"We are trying to get him to smile every once in a while (laughs). He's so doggone serious (laughs). He just wants to work to get better. He has that standard answer. 'Yes sir, coach.' However he continues to grow, that's big. Having some success is what you want for a young player, so they can continue to build upon it."
Did you say last week that it was Willis or Carl Lawson who comes to your office to watch film?
"Carl. But Willis has as well. They both actually have. That's what you want from your young guys. It's funny, because when you look at them you would think Carl would be the quiet one. But its not, it's actually Jordan. We're blessed with a nice group of young players from the draft class, as well as with the CFA (college free agent) guys."
Those other guys performed well in the game against Tampa Bay, didn't they?
"Yeah. Nick Vigil, being the starter now, went out there and did his thing. There were also Willie (William) Jackson and Andrew Billings. We've got to keep extending Andrew some, and that will be big this week. It will be a good thing for them to continue to take steps forward, just like the players we saw the year before, like Josh Shaw, C.J. (Uzomah) and Tyler Kroft."
KeiVarae Russell was drafted by Kansas City last year, before being released by the Chiefs and coming here. How has he developed?
"Luckily for us, he was in a position where you have him on the 53-man roster or practice squad, and he's one of the additional players, beyond the guys who suit up every week, we have for practice purposes. He's done a great job of being very attentive of everything you want, and with detail. He's a smart guy, and he's just got a good way about his personality. He's worked at it, and he's changed how he has been coached in some ways to play within the techniques we're coaching all the time. He's embraced that. You can talk to him about a play, and he knows what you want to see done differently."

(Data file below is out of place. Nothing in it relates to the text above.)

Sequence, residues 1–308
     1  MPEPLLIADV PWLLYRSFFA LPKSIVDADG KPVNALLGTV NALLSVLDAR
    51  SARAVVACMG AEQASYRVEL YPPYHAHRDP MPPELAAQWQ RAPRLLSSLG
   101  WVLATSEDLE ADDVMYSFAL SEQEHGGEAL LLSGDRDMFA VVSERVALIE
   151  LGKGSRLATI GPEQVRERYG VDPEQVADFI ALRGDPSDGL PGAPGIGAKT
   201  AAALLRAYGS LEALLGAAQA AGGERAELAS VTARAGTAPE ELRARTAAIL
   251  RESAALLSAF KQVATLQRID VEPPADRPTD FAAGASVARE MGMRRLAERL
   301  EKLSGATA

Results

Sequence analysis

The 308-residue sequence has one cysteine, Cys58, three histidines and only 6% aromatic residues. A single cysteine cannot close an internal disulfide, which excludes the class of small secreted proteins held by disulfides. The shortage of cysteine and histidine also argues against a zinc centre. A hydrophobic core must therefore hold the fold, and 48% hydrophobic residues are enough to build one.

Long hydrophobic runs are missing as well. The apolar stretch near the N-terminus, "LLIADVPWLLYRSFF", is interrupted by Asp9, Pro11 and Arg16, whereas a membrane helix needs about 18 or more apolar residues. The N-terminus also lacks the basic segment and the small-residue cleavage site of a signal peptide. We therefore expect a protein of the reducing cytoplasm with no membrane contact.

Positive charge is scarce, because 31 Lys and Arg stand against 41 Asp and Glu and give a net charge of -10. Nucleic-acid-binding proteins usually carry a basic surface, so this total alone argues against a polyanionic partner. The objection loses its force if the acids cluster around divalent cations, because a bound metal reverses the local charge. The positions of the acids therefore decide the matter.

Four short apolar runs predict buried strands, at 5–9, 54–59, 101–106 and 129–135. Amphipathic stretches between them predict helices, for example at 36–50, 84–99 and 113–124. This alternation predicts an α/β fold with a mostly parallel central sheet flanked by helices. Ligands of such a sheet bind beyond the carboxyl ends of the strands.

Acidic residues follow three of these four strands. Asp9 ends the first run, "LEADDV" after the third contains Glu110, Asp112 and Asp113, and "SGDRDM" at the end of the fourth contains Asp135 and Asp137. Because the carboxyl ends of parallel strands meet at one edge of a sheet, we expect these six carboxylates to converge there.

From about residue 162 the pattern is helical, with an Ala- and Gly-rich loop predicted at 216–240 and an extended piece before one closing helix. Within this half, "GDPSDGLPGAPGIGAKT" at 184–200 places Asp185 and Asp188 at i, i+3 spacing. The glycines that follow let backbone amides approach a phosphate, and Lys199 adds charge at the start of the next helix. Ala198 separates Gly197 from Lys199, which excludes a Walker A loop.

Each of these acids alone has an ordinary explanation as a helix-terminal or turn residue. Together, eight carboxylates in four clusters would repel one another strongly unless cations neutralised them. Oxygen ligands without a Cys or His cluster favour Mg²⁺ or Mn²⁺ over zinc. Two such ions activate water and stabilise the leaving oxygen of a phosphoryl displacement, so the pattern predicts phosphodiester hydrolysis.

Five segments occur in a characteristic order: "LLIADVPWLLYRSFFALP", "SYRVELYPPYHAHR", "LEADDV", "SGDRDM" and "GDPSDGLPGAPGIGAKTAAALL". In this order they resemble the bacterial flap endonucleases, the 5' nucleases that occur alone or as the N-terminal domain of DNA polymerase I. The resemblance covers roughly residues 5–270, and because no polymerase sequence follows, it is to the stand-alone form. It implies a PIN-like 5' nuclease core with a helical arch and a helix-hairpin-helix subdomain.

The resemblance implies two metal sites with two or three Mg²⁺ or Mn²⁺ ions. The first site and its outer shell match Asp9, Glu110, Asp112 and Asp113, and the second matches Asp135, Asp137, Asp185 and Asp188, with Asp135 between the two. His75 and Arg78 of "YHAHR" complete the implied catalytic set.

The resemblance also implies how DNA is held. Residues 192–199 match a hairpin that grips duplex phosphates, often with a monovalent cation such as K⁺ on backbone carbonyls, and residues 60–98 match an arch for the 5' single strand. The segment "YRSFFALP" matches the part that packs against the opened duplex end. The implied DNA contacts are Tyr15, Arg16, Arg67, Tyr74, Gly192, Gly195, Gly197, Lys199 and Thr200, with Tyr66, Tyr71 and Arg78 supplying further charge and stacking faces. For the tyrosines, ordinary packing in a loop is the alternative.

Have you seen an uptick in his energy against his former team?
"No, because he's coming out of concussion protocol. He's getting through that. I know he'd like to get the opportunity to play, because he's competing for a job on this football team. He's already been through it where there was no job for him. He knows how this thing works."
What do you think about Andy Reid coached teams?
"We know they play extremely hard. On offense, they throw the whole kitchen sink at you. They got a great quarterback in Alex Smith. Their skill positions (are good), and their line is athletic and strong. But you get a lot of different looks from the Andy Reid-coached offense. On the other side of the ball on defense, Bob's (defensive coordinator Bob Sutton) side, they're very aggressive. They've got great outside edge rushers, and they've got big, physical guys in the middle. And they've got guys in the secondary that run and cover. They're also well-coached on special teams. So those are the challenges. We've got a great football team in front of us. They were 12-4 last year in the regular season. They just kept grinding all year and stayed after it. Just like two years ago, when we played them, and they got back into their (playoff) race. They're a hard-working bunch."
Tyler Kroft has had a couple of instances where he's shown good hands. Not that he had bad hands before, but are you seeing an improvement there with him?
"His hands have always been the same. I just think it's just confidence with him, and doing the right things all the time. Everything seems natural now, as opposed to actually thinking about it. The ball comes secondary to that. He has wonderful hands, and he's been everything we wanted when we drafted the tight end out of that class. We got the guy we wanted."
He said he's added weight through working out this offseason. Is that something you worry about?
"He's not doing anything out of the ordinary. He's matured as a man. as all young guys do. We expect that from all guys from their rookie year to their second and third year. All the big-boned guys do."
Your young TEs seemed to play well and look like they belong in the first preseason game. Did you get that impression as well?
"Yes they did. Mason (Schreck) and Cethan (Carter) both did a great job of handling it, and that's what you want to have. Obviously C.J. (Uzomah) didn't get to play. You've got to feel good about Ryan Hewitt. His snaps. on the ball were great, along with his snaps in the backfield. We feel good about those things."
Demetrious Cox had a good game on Friday. What do you like about him?
"He's done a nice job coming in here as an undrafted guy. He's just working hard and understanding everything. We tell the guys it doesn't necessarily matter how you got here, but take advantage of your opportunities. With the injuries we've had at safety, he's been able to get more reps and more opportunities, which make you more and more comfortable about what you are doing. He's got to feel good about what he's been doing."
Is there anything else that strikes you about him?
"Just being in the right spots."